Reenactors marching along the same path as GIs 75 years ago

It’s the sound of their boots I heard first, as I stood among pastures on the outskirts of Carentan. Not the ordered, rhythmic thumps of troops marching in formation, but the shuffle of soles over dirt and stone, and unintelligible words spoken by hushed voices. There were probably two hundred men in this group, dressed in period military garb, faces painted with clay and fatigue, bodies wearied by the hours they’d already spent walking under a beating Normandy sun.

They’d started their trek several hours before, following the trail of the heroic GIs who’d survived the fire of German guns on beaches and in the sky, then spent days trudging across treacherous marshlands, cutting their way through hedgerows, trying to see the enemy before it saw them.

When the modern reenactors reached a boggy place called La Barquette, they took a few moments to stand still and regain their strength, speaking little, their faces guarded, their expressions intense—as if their tiring trek in vintage boots, uniforms and gear had plunged them back into the battles that had scarred this land.

I saw their posture change when the siren of an incoming jeep reached their ears. They straightened, looked toward the sound, and something fierce seemed to come over their faces.

Fierce honor. Fierce purpose. Fierce love.

Staff Sergeant Rice of the 101st Airborne standing in front of the reenactorsStaff Sergeant Rice, of the 101st Airborne, stepped down from the jeep, well into his nineties, and was ushered toward the path where the civilians-dressed-as-soldiers had morphed their ragtag ranks into two straight rows of strong-spined warriors—an Honor Guard for the veteran who had walked and fought on this patch of sacred ground. Their silence was powerful and moving.

Staff Sergeant Rice’s gait was unsure at times, but his eyes… There was pride in his countenance, the kind of satisfaction that comes from knowing the enormity of what was accomplished, through sacrifice and valor, for the sake of the many nations represented among the men who had lined up to honor him.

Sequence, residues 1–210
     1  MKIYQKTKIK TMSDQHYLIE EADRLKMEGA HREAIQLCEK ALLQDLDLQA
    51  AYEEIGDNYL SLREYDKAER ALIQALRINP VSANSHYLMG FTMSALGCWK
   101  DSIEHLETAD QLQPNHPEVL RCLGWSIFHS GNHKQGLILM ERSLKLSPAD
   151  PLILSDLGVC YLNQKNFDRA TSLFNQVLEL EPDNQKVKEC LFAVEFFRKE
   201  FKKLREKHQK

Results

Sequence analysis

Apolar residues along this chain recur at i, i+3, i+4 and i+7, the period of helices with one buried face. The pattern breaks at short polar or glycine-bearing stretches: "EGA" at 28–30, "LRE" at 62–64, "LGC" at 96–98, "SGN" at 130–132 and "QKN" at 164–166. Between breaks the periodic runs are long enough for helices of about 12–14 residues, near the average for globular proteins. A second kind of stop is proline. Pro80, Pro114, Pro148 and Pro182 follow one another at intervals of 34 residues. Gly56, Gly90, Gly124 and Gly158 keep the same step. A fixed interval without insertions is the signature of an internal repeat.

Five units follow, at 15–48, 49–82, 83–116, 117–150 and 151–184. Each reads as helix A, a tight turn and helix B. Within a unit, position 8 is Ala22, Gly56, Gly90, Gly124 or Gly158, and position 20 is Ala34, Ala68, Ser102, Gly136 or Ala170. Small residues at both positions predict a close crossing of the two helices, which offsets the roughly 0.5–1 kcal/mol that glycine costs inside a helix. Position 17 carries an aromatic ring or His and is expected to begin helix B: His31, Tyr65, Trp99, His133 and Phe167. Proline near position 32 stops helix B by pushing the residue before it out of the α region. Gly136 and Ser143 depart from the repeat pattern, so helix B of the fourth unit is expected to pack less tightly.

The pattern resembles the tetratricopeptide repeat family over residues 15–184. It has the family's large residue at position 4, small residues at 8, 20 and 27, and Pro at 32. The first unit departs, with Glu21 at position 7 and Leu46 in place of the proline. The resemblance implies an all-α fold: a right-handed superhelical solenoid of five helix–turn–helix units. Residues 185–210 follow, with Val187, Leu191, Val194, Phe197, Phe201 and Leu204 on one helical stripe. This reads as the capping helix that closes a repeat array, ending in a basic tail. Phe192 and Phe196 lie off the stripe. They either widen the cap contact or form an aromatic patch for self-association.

Staff Sergeant Rice of the 101st Airborne shaking the hands of the reenactors

The veteran walked slowly, shaking each hand, receiving the words of men who had come from across France and Europe to immerse themselves in the grueling glory of history revived. Then the soldiers huddled close to hear the details of his story, the tale of a young man—a child, really—who lost his way on a dark night in the fields of Normandy and somehow still helped to pave the path to Freedom. The gathered men clapped for him when it was over. He clapped too. But the faraway look in his eyes told me that it was his comrades he was remembering. The young, the old, the strong, the frail, the courageous, the fearful. The heroes who fought and fell at his side.

Author and translator for The Girl Who Wore Freedom Michèle Phoenix in NormandyHours later, I was in Carentan when these same men marched into town, now nearly four-hundred strong. They were preceded by others in period costumes—women, children and the elderly—reenacting the exodus of the city’s population, lives piled high on rickety carts to escape the kind of horror we can scarce imagine nearly 75 years later.

The soldiers who followed were in formation now. They entered Carentan chanting, pride on their faces and power in their steps. They looked straight ahead as crowds saluted them, invigorated by the welcome of a grateful town freed from oppression by the courage of men who looked just like them.

The Girl Who Wore Freedom's Michèle Phoenix in Normandy with Staff Sergeant Rice of the 101st AirborneThis was not the only celebration I witnessed as we filmed for The Girl Who Wore Freedom, but this day embodied Normandy’s spirit in a powerful way. There is something visceral about its love for its liberators. It’s more than the American flags in every storefront, the banners strung across streets and the 1940s music blaring from loudspeakers in town squares. It’s the warm welcome of its population—an intentional, loving, celebrating force that captures the spirit and the gratitude of the Liberation. It’s the kindness of its citizens and their painstaking focus on embracing, honoring and thanking their American veterans well.

The Norman people understand the high cost of freedom. They are French today in part because of the sacrifice of American women and men. And they still live, as they have since June 6, 1944, by their oft-repeated motto, “N’oubliez jamais”—never forget. It’s a cross-generational commitment that recognizes the valor of veterans like Staff Sergeant Rice and layers light and hope over the hallowed soil of a blood-stained, noble land.

This post was authored by:

Michèle PhoenixMichèle Phoenix

Translator for The Girl Who Wore Freedom

Raised in France by a Canadian father and an American mother, Michèle Phoenix is an international writer and speaker who travels globally to teach on topics related to Third Culture Kids. She has written four novels, published with Tyndale and Harper Collins, two of which were Christy Award finalists and one of which (Tangled Ashes) features a WWII component. Because of her fascination with that era, traveling to Normandy as a translator for The Girl Who Wore Freedom was the opportunity of a lifetime, as it combined her abiding love for France, historical narratives and veterans.